I love great questions as they relate to business and one of our “Starting Out” members: Teri asked a great question as a result of our “Knowledge Sharing” conference call. She asked what I thought about partnerships, as she’s had a not so great experience. I told her that I’m very opinionated on the subject. Let me start off by saying that partnerships can work. Ok, now that that’s said, here’s why I’ve not wanted to, nor have I partnered with anyone else as of yet:
I’ve Worked Hard to Establish My Company and Brand.
I’ve worked extremely hard, (that’s putting it mildly) to start and grow my business. Does that mean it was a pain to do so? No. I enjoy hard work and I’ve always been a leader and creative, so coming up with new ideas for my business to grow it and make my clients happy, is a joy for me. Why would I risk merging what I’ve created with someone who may “SAY” they share the same work ethic as I do, but simply “DON’T”.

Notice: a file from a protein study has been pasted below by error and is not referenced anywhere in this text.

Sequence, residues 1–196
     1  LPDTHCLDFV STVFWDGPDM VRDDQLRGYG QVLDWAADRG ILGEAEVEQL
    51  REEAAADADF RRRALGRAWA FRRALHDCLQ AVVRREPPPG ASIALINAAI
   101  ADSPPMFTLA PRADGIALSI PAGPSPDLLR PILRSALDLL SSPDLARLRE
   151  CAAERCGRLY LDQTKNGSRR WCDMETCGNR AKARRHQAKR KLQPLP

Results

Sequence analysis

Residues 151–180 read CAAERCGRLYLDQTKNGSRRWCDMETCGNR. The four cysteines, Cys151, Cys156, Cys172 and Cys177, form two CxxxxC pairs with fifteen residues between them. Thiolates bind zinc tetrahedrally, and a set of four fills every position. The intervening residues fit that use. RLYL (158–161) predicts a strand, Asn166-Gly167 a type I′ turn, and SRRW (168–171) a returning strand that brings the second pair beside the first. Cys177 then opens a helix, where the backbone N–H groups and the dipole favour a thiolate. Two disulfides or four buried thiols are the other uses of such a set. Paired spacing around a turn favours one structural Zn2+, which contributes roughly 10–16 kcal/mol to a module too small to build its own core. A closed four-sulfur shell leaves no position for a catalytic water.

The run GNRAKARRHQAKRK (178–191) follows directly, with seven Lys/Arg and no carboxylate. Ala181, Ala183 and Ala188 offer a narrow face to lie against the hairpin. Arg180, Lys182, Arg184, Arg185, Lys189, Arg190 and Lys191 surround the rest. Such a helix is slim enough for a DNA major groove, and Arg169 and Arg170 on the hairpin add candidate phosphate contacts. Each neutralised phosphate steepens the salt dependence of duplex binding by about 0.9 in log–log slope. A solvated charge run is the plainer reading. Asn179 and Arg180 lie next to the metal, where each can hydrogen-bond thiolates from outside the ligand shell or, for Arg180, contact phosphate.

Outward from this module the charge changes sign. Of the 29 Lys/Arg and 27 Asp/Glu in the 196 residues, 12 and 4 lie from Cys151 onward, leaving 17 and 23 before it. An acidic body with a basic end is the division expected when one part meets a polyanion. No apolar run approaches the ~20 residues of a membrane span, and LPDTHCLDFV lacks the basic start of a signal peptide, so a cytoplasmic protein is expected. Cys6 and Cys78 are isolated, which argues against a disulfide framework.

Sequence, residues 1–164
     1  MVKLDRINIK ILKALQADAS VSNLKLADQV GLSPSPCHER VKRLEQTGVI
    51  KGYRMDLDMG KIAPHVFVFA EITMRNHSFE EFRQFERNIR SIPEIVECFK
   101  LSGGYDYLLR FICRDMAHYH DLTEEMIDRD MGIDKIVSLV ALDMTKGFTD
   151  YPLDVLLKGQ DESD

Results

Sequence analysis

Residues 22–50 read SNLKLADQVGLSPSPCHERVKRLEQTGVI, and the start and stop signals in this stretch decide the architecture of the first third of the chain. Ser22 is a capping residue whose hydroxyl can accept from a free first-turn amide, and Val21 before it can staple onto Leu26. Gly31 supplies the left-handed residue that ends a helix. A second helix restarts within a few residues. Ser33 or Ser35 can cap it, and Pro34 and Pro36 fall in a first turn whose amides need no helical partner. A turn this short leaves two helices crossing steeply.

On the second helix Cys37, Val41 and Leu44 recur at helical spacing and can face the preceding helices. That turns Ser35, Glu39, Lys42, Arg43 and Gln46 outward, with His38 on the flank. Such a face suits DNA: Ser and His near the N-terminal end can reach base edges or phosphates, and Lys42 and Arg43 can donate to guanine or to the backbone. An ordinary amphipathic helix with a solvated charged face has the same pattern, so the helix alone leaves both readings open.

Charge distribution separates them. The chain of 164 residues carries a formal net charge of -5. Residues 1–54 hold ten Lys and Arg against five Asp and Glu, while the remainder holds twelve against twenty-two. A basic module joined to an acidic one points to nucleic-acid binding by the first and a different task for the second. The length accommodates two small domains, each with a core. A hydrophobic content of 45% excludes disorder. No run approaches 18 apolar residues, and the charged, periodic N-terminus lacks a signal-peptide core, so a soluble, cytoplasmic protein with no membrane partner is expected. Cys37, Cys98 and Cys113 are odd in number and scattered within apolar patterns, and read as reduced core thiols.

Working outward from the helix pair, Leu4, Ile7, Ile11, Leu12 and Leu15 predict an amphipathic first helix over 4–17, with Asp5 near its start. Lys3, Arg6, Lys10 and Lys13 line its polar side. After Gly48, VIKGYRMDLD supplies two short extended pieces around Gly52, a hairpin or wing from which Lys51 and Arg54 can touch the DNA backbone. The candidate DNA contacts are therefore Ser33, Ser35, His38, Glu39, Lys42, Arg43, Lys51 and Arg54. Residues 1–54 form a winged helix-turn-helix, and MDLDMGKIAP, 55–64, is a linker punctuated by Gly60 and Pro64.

If you don’t mind the occasional client saying your partner messed up this or your partner was late for a meeting, then by all means, partner up! However, I’ve worked too hard to chance it. That doesn’t mean I don’t work with others. I prefer referrals and I refer loads of work to other Virtual Assistants and Virtual Workers in other areas all the time, when my core team is swamped. I enjoy helping others and watching them grow and this is a joy for me. However, even with my referral system, I’ve had to be careful. I’ve referred clients to a couple of Virtual Assistants and/or Virtual Workers who were less than stellar and the client always comes back to me, as well they should, and mentions the failings of the VA I’ve referred to them. This is what I mean about risking your brand, when you partner with someone or even refer someone else, you’re putting your brand on the line and if you’ve worked hard, like I have, to build a great reputation, you don’t want to be hasty about doing that just to say you have a partner. Your brand is at stake when you partner with someone and unless you’ve just copied your entire way of doing things after another person, that should matter to you and it leads me into my next point…